University’s 3D-printed surgical face shields help medical staff
The University of Johannesburg’s (UJ’s) Library Makerspace division is developing 3D-printed surgical face shields, in an effort to meet the rapidly growing need for personal protective equipment (PPE) for healthcare workers.
This comes at a time when state suppliers are scrambling to secure essential equipment such as ventilators, masks, gloves, respirators and sanitisers from local and international manufacturers.
As the coronavirus (COVID-19) pandemic tightens its grip on nations across the globe, the infection rate has soared to over one million cases, with recoveries at more than 218 000, with deaths at over 54 000, at the time of publication. SA had recorded 1 462 coronavirus and five deaths by this morning.
In efforts to help curb the spread of the virus, the Makerspace says it begun using 3D printing to producevital protective material in the midst of the coronavirus crisis.
So far, 10 shields have been distributed to various campus clinics at the university, with another 15 set to be delivered to Netcare911.
“Makerspaces are places where you can do prototyping and small-batch production very rapidly and inexpensively,” notes UJ’s Makerspace expert, Rudie Strauss.
“The equipment is in demand right now as we are being forced to come up with improvised solutions to address the lack of traditional equipment and devices.”
The UJ Library Makerspace laboratory, filled with 3D printing and scanning facilities, robots and smart computer technologies, was launched in 2017.
It is a physical infrastructure with tools such as AstroPrint or OctoPrint, used by creative engineering, technology, science and craft students at UJ.
On the surgical face shields project, the UJ Library Makerspace professionals have teamed up with UJ’s Faculty of Engineering and the Built Environment, Health Sciences, the Institute of Electrical and Electronics Engineers South Africa Section, as well as the National Science and Technology Forum, which offers 3D printing and other creative technologies.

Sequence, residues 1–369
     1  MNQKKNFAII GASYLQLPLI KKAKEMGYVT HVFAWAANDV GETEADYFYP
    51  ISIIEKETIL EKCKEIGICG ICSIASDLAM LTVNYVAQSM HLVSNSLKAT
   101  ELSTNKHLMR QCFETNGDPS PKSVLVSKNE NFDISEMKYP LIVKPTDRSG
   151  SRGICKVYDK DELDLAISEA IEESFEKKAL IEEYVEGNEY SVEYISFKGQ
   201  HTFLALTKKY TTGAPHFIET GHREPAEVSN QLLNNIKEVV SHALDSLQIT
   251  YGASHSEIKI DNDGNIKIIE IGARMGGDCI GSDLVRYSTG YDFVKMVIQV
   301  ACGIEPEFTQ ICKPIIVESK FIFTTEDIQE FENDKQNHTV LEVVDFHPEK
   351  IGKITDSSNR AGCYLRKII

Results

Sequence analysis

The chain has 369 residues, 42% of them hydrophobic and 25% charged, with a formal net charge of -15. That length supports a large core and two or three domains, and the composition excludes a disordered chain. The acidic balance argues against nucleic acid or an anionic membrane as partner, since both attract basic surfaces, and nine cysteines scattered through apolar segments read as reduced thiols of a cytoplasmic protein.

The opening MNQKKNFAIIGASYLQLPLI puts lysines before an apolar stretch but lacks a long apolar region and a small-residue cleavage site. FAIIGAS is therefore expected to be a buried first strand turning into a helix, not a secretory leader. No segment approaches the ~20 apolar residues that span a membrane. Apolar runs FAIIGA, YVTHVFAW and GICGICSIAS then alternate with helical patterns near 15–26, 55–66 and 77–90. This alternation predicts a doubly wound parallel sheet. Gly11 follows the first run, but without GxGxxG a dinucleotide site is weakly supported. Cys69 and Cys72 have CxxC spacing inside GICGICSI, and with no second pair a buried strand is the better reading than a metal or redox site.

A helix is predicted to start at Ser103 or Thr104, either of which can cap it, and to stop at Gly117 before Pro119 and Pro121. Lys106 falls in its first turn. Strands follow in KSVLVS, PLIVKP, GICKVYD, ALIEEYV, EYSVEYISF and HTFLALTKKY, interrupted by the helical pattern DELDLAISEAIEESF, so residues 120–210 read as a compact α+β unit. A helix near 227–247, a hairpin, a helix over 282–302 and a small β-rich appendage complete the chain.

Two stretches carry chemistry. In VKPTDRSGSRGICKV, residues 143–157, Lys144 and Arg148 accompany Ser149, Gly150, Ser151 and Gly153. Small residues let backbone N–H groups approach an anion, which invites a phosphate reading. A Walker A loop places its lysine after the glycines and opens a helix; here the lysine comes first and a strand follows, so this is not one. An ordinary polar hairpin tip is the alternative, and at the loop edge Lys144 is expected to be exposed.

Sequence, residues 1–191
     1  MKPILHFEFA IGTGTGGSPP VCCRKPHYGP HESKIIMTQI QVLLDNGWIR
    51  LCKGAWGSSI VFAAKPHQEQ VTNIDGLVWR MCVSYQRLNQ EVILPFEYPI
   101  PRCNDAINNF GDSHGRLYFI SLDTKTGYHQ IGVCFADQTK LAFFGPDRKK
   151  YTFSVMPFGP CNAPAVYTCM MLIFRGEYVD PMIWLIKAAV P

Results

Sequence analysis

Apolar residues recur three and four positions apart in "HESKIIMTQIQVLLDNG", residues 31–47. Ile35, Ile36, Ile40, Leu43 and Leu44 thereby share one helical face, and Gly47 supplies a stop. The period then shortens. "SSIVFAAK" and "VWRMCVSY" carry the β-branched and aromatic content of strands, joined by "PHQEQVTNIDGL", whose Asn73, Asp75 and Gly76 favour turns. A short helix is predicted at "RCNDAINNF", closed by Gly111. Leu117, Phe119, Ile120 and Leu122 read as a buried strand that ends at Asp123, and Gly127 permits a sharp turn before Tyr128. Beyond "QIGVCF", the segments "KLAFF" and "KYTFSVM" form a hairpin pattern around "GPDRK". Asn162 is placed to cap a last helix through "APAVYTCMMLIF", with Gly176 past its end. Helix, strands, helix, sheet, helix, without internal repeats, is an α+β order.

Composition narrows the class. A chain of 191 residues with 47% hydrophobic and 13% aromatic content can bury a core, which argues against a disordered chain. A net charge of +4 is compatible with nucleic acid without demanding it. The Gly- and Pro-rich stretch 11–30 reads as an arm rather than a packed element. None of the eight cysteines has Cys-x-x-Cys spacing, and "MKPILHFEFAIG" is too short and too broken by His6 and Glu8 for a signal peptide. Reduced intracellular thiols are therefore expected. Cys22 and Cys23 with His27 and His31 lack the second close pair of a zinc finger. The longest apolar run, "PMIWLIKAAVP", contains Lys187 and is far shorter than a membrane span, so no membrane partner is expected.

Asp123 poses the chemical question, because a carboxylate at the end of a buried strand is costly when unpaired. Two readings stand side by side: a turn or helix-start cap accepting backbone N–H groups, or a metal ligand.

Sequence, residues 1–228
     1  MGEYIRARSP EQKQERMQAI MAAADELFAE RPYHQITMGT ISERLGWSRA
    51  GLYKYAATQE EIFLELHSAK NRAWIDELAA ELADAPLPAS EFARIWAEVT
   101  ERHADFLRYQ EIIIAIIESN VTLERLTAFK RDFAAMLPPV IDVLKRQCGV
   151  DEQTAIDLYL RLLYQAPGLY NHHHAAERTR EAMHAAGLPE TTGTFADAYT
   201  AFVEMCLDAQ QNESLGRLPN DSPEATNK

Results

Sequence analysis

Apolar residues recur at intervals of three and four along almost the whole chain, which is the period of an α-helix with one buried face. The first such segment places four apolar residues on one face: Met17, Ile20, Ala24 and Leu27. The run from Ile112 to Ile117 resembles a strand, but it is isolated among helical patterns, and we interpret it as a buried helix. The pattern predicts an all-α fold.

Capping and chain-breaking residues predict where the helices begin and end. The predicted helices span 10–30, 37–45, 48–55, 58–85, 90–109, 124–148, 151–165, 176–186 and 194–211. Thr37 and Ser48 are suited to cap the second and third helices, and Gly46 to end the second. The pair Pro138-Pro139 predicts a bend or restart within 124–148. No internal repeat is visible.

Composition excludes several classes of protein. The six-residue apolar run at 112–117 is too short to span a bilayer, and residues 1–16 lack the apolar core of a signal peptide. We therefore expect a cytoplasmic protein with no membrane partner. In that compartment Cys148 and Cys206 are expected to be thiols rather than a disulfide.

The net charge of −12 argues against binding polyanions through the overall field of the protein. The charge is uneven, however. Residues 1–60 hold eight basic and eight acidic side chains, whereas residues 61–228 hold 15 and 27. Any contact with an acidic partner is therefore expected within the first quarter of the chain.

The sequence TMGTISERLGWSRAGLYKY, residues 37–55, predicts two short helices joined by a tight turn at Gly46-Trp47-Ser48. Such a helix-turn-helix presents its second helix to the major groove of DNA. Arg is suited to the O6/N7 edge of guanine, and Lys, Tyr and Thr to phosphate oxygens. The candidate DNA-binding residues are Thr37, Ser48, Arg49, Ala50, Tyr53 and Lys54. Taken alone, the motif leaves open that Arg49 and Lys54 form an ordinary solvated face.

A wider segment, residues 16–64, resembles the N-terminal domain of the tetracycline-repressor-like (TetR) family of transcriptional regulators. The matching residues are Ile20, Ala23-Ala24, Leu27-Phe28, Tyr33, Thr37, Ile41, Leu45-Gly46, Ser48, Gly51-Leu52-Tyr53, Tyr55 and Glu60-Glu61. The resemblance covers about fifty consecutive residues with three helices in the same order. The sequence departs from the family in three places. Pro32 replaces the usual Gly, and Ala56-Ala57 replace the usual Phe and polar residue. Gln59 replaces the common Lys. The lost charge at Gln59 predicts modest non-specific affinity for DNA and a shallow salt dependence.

“The dead frames for the face shields are made by 3D printers and the shields are laser-cut from sheets of old and thick transparencies – material that is hard to find,” notes Strauss.
“One of the unforeseen advantages of these face shields is that they are recycling old transparency sheets that would otherwise be adding to our plastic pollution.”
The severe shortage of gloves, medical masks, respirators, goggles, face shields, gowns and aprons has left doctors, nurses and other frontline workers dangerously ill-equipped to care for COVID-19 patients.
SA’s largest public sector union, the National Education, Health and Allied Workers, says it is taking health minister Zweli Mkhize to court to force his department to comply with the occupational Health and Safety Act of 1993, and provide PPE for all health workers.
The World Health Organisation (WHO) has warned that severe and mounting disruption to the global supply of PPE – caused by rising demand, panic buying, hoarding and misuse – is putting lives at risk from the new coronavirus and other infectious diseases.
“Without secure supply chains, the risk to healthcare workers around the world is real,” says WHO director-general Dr Tedros Adhanom Ghebreyesus.
“Industry and governments must act quickly to boost supply, ease export restrictions and put measures in place to stop speculation and hoarding. We can’t stop COVID-19 without protecting health workers first.”